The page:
Irish indie pop band Land Lovers look to the late '50s and early '60s for inspiration and focuses on creating little nuggets of delicious pop confection.
Irish indie pop band Land Lovers look to the late '50s and early '60s for inspiration and focuses on creating little nuggets of delicious pop confection. For example on "Angeline", which we are premiering today, one can hear the jangly pop guitars and pristine harmonies of the Searchers (think "Needles and Pins"). Land Lovers are no retro project though, they simply draw ideas from popular music of the past and then expand on them in a modern fashion. Land Lovers will appeal to fans of melodic guitar pop and anyone with an ear for a great hook. Like the great British pop band the Beautiful South, or Paul Heaton's earlier project, the Housemartins, Land Lovers use ironic, critical and occasionally dark lyrics underneath the sheen of gorgeous music. It's subversive and relevant, just what a memorable pop tunes needs.
Lead singer Padraig Cooney tells PopMatters that "'Angeline' is rooted in our love for the time when rock 'n roll got a bit sophisticated in the late '50s and early '60s. It's a foot in the waters of Bobby Darin, Carole King and Joe Meek. It's lyrically faithful to that time too, with its school setting, but as with many Land Lovers songs, we've tried to invest common tropes with something else: something sinister, or high minded or conceited or satirical. In this case, the complacent singer mistakes harmless teenage messing for dangerous gang activity and overestimates his own subsequent success in gaining a place in 'the firmament'. However: we think it's important not to deliver this kind of song with an eyebrow arched. It's a sincere pop ballad."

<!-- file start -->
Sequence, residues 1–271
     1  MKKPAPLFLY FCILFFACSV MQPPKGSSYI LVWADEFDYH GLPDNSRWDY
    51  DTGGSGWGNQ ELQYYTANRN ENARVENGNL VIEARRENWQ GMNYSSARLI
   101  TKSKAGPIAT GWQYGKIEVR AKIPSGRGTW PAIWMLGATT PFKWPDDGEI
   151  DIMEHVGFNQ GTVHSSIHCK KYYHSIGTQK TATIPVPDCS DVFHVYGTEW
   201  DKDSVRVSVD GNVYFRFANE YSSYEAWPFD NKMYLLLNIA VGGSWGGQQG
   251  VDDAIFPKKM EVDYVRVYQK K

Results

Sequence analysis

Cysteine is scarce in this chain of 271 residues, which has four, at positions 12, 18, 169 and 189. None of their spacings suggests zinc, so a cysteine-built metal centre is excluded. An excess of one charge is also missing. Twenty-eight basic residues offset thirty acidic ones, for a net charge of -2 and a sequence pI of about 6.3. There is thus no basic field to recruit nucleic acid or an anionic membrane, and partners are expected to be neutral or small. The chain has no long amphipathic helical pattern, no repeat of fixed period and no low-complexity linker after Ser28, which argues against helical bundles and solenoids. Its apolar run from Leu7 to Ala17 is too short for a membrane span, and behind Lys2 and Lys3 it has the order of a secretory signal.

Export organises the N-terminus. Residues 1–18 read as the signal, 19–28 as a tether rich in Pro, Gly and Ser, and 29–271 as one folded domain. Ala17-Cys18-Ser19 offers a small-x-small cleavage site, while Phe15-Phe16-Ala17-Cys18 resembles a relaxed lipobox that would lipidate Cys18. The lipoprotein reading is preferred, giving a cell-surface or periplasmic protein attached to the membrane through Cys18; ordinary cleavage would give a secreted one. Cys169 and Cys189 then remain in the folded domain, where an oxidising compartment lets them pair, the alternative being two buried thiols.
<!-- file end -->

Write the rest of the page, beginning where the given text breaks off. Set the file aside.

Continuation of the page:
Land Lovers' new album, The Rooks Have Returned release May 16th on Popical Island.